Adam Jones and the Definitive WBC Moment

The moment probably wasn’t what you think

San Diego Union Tribune

The 2017 World Baseball Classic is over. To say it was punctuated by moments of purity would be unjust. It was made of them. There was Jose Quintana’s six no-hit innings. Javy Baez’s no-look tag. Nelson Cruz’s dinger he celebrated like both his first and last ever. Adam Jones robbing Orioles teammate Manny Machado of a home run.

MLB.com

Many would say the Jones catch defines the tournament more than any other play, especially because the USA ended up winning it all. But it wasn’t that or anything else that happened on the field. Instead, it’s a comment Jones made that characterizes it:

This statement epitomizes the whole WBC experience. Some of the game’s best players opting to sit out the tournament made for a reasonable story line, and maybe even more of a story than the actual tournament before it started. Guys like Mike Trout and Clayton Kershaw deciding to stay in their Major League team camps was a sigh of relief to those in front offices, and a sign of indifference to fans.

But what Jones said was true. Everyone who wanted to be at the tournament was. And in that sense one of the most honest guys in the game kept it going by essentially saying, “Why don’t we worry about who’s here?” It’s reminiscent of Herb Brooks saying, “I’m not looking for the best players, Craig, I’m looking for the right ones” in 2004’s Miracle. Such sentiment from Jones and the Disney version of Brooks defines everyone’s participation.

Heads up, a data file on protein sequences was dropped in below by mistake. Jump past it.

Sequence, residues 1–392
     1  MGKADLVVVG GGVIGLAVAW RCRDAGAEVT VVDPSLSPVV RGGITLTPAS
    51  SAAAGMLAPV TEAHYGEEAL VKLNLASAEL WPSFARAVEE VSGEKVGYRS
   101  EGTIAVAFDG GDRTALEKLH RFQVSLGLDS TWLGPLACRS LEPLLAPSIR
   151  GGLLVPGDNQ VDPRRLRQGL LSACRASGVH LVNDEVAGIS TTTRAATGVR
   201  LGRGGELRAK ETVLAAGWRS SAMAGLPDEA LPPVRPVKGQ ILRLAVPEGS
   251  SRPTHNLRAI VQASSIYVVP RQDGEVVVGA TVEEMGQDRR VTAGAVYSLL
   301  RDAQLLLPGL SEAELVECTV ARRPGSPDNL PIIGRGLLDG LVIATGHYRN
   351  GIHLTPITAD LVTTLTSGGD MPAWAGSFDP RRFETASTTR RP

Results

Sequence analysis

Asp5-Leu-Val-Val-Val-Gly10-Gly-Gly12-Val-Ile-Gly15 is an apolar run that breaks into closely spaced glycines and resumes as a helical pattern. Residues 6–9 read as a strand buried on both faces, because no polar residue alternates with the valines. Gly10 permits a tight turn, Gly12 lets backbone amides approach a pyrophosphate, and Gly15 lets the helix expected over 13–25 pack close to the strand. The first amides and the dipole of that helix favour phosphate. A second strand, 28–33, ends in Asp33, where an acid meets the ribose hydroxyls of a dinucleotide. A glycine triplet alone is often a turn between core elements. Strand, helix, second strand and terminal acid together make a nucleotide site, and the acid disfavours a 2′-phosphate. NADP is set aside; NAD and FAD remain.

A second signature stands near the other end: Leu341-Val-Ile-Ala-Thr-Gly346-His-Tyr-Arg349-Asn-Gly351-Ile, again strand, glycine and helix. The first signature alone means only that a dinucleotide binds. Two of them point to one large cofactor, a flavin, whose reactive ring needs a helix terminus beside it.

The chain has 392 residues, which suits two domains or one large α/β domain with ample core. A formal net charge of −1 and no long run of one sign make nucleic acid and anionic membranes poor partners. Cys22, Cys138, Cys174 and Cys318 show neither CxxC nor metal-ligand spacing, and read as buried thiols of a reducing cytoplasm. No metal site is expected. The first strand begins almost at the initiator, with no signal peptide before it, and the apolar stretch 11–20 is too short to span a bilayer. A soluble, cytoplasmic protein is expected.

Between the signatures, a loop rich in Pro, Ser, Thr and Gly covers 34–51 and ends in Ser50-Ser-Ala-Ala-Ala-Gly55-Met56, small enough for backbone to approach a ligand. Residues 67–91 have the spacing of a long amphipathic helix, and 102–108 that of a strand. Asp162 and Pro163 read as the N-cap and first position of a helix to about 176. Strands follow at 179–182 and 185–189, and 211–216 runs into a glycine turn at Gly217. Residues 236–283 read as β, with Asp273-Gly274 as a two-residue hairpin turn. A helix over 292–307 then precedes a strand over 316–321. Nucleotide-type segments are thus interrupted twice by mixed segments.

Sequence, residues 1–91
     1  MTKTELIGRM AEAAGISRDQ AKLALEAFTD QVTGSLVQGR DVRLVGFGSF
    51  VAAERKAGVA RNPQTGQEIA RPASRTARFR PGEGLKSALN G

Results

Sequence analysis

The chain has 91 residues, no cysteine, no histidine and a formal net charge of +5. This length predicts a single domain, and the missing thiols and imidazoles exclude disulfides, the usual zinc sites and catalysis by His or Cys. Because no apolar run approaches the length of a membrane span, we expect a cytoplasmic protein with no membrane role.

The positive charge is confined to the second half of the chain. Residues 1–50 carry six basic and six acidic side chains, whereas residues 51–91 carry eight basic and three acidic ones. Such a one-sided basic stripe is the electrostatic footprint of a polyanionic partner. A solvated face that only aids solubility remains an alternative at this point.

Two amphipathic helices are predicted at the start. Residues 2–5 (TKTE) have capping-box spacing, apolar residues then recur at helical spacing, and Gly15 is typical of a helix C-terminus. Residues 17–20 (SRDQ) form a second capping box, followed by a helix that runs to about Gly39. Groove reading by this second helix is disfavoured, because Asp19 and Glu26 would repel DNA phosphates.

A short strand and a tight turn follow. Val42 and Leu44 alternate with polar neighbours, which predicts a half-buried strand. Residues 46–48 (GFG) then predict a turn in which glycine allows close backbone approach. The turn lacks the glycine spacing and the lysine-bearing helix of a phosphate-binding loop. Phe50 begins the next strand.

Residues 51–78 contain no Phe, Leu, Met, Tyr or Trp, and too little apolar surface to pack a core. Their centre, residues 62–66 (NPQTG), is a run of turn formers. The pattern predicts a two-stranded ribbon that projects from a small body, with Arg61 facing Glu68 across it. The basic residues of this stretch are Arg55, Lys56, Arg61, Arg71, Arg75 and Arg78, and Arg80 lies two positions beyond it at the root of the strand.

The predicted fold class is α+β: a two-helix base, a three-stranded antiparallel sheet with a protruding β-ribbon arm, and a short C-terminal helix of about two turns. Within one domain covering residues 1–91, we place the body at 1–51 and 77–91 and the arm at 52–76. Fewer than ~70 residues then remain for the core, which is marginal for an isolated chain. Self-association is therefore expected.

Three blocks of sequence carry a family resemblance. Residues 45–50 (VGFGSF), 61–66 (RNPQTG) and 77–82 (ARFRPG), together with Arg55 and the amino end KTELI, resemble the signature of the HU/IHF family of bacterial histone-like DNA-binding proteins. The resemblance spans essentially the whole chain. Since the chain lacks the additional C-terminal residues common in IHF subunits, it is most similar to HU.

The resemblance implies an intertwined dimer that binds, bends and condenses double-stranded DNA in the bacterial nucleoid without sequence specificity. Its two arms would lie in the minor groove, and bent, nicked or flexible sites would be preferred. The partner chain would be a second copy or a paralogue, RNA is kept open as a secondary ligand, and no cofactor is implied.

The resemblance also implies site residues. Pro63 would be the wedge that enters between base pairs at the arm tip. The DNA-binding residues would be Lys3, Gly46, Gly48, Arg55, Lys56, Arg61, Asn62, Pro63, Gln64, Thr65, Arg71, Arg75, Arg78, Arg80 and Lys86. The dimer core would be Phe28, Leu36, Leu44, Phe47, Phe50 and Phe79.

When an event like the WBC rolls around it might be intuitive to put together the “best” team. That isn’t the point, though. The point is to put together a team where everyone shows up with conviction. While it won’t be celebrated accordingly, team USA’s win is a big deal because it’s an opportunity to see the game differently. Instead of baseball being a six month affair so casually grueling that it makes people tune out, we could — and should — view it as what happens when you decide to be hawkishly present.

Baltimore Sun

And let’s not mistake the hawk here as an American visage, either. Every team was hawkishly present, and team USA winning the tournament wasn’t a matter of Western determination or domineering insistence. Frankly, it was probably closer to an Eastern concept of being the competition instead of trying to dominate it. That type of mindset makes catches like the one Jones made on Machado possible in the first place because they’re a manner of responding instead of commanding.

It’s also what fed into certain matchups feeling like the height of the playoffs, but only better. Someone may have wanted their country’s team to win but cheering never once appeared to be a matter of pure nationalism, as MLB games can become about cheering for the team nearest which we were conveniently born. And if it was about nation cheering, it still wasn’t a matter of winning. As exemplified by Puerto Rico deciding to plan a parade whether the team won or lost in the final, it was a matter of being.

The 2017 World Baseball Classic is over. The guys who wanted to play played, and we’re all better for it.